Two nights ago, my wife Lisa and I caught Toil and Trouble Burlesque‘s A Midsummer Night’s Dream. We had an absolute blast.
Now if you look up “burlesque,” you may find something like this:
Now what we think of when we hear burlesque–the bawdy variety show acts–is more a nineteenth and twentieth century American re-interpretation of the term.
And what you get from Toil and Trouble is a great amalgam of the two: a not-so-serious look at serious work (Shakespeare) and great-looking performers taking off most of their clothes.
Which is, as you all know, right in my wheelhouse.
Well, the show itself was the Shakespearean script cut to bare essentials (see what I did there?), focusing only on the lovers, the fairies, and the rude mechanicals. Theseus and Hippolyta? Who needs ’em. Indian boy? Nah. And do we miss any of that? Not. At. All. Layered on top of that were songs–some played live on piano, some sung over amplified music…everything from pop songs to a winking homage to Hamilton (bravo, Oberon, bravo)– knowing commentary in modern (bawdy and sometimes blue) vernacular, and (as I mentioned before) great-looking performers taking off most of their clothes.
Angie Hobin, creative producer for the show, has done a great job balancing all the different aspects (I’m pretty sure she adapted the piece). There’s a great bit that pulls a (seeming) member of the audience up on stage to become Puck. On a meta level, this is really kind of brilliant: the audience surrogate is the most mischievous entity in the play (and if we‘re here to see Shakespearean burlesque, aren’t we all a little–or a lot–mischievous?). The weirdness of the relationship resolutions gets called out (“because that is the way the play ends!”). And the song choices are pretty spot-on (though the sound system overpowered even the singers’ mic at times).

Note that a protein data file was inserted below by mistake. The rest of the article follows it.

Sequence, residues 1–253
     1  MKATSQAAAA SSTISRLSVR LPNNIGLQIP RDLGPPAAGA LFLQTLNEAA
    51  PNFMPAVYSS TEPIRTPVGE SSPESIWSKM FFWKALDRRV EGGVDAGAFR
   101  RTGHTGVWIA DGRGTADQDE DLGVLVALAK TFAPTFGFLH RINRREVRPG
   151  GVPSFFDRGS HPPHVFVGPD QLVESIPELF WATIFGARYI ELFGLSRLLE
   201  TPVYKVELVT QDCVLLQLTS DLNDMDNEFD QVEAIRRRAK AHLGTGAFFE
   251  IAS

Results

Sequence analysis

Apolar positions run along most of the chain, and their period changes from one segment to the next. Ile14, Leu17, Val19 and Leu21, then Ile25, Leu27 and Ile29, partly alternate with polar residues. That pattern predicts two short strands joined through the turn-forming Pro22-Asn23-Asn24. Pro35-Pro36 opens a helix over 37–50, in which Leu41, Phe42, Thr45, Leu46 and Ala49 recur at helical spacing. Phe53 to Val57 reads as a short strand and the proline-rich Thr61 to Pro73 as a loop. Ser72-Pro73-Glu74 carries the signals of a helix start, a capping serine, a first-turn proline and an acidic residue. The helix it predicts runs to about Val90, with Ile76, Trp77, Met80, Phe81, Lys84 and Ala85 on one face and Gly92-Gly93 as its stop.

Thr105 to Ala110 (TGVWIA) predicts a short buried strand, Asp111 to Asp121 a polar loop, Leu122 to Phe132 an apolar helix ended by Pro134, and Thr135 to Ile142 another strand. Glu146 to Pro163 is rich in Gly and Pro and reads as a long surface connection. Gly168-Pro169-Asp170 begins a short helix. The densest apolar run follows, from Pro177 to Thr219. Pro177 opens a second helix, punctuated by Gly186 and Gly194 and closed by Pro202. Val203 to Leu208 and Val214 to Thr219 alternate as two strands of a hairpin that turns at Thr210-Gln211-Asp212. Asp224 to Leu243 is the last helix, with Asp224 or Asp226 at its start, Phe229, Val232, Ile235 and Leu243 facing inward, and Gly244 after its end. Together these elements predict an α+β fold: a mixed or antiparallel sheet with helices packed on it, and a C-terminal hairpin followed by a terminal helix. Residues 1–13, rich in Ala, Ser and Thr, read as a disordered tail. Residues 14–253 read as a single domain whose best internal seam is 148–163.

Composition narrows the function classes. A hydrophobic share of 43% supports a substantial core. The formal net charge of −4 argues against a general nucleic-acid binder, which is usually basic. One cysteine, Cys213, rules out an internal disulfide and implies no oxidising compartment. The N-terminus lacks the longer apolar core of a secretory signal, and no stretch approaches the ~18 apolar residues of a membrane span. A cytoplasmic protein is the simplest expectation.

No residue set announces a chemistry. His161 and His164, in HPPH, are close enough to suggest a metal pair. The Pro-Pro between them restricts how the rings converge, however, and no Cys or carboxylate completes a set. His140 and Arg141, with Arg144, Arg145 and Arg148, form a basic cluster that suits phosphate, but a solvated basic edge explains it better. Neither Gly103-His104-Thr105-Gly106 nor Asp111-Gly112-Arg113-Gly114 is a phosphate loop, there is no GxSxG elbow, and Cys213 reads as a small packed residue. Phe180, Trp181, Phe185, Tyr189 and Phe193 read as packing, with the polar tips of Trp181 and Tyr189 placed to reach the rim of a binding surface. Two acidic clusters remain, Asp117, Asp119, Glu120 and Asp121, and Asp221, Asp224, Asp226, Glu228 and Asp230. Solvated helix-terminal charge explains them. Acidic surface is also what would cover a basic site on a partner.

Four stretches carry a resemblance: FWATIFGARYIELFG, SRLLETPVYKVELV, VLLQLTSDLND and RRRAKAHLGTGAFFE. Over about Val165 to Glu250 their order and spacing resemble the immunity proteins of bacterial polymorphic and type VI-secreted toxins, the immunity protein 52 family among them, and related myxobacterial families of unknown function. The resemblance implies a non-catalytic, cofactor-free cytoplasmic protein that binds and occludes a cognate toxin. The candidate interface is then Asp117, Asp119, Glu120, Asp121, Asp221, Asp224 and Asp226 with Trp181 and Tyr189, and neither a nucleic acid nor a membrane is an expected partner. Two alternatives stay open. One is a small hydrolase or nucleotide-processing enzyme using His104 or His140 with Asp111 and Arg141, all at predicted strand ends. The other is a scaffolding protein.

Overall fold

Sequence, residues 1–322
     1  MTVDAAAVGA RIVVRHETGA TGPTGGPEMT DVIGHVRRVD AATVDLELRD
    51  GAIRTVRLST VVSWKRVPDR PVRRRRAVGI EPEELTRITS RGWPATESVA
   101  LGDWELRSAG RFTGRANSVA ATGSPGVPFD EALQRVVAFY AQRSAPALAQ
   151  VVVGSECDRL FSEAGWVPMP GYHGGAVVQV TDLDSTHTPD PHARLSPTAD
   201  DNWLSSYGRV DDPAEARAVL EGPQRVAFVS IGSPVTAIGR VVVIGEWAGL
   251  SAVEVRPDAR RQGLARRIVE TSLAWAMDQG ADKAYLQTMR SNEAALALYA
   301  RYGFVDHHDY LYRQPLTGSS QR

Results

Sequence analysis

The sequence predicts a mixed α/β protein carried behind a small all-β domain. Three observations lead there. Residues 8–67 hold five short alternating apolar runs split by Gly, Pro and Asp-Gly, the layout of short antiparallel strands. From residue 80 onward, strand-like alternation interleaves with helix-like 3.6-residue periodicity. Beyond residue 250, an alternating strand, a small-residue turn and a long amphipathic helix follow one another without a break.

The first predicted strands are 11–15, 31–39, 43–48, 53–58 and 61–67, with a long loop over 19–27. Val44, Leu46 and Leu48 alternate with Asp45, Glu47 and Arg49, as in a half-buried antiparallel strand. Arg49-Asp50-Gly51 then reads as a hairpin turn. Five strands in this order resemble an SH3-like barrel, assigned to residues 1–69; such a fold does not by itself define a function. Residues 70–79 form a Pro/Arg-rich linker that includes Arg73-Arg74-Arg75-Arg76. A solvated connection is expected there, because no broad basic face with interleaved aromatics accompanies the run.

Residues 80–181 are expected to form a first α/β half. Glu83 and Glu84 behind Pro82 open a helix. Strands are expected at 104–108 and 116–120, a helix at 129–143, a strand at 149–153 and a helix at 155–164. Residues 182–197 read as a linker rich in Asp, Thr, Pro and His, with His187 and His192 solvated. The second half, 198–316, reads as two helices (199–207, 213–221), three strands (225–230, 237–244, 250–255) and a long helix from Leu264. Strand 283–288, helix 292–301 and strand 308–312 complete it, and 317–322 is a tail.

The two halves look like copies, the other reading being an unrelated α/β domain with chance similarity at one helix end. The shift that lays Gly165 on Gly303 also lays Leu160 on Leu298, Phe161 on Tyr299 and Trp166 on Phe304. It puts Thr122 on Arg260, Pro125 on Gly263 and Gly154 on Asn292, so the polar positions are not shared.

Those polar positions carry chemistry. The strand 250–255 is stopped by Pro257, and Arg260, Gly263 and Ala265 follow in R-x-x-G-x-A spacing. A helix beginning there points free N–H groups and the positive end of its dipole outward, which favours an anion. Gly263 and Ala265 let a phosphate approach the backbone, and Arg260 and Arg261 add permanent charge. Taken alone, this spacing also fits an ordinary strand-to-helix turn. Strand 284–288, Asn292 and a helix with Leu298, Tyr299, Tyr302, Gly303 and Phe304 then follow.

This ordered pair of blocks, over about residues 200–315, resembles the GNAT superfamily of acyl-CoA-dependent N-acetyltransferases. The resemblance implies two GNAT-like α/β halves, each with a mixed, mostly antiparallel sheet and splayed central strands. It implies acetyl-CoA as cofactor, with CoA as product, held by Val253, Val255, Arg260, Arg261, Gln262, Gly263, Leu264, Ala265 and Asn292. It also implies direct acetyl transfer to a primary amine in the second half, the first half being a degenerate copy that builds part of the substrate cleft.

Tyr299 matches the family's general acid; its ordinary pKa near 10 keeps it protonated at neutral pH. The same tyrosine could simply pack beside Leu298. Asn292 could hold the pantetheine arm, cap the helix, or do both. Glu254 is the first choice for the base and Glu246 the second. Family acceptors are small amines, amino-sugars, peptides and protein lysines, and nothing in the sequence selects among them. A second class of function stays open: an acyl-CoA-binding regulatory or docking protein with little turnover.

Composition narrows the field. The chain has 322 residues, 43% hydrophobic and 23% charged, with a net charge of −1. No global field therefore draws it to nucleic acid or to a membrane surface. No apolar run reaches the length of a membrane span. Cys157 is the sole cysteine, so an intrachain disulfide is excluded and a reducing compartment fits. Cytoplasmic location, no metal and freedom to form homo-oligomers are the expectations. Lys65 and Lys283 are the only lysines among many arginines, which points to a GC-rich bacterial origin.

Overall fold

Were there liberties taken? You bet. But then all great Americans do that:
It was a blast. We cheered. We hooted. We hollered. We laughed.
I had seen an earlier Toil and Trouble production, a kind of “greatest hits” package, which was great; and honestly, going in, I wan’t sure it would work having the same performers appear repeatedly (you know, taking away from the variety aspect), but it actually worked quite well. I’m not quite sure how many other plays could take the liberties taken, but I’m thinking quite a few: As You Like It, Merry Wives, The Tempest… but of course none of them are as well known to the general audience (and therefore, ripe for knowing satire)… So the grand experiment worked wonderfully (though I think I’m still partial to the revue–gee, I’d have to see more to make that judgment call…see more Shakespearean burlesque? … oh darn).
If when they do this again (or the greatest hits revue-type shows), you should check ’em out…
you know–if you’re into Shakespeare and (again, say it with me people:) great-looking performers taking off most of their clothes…
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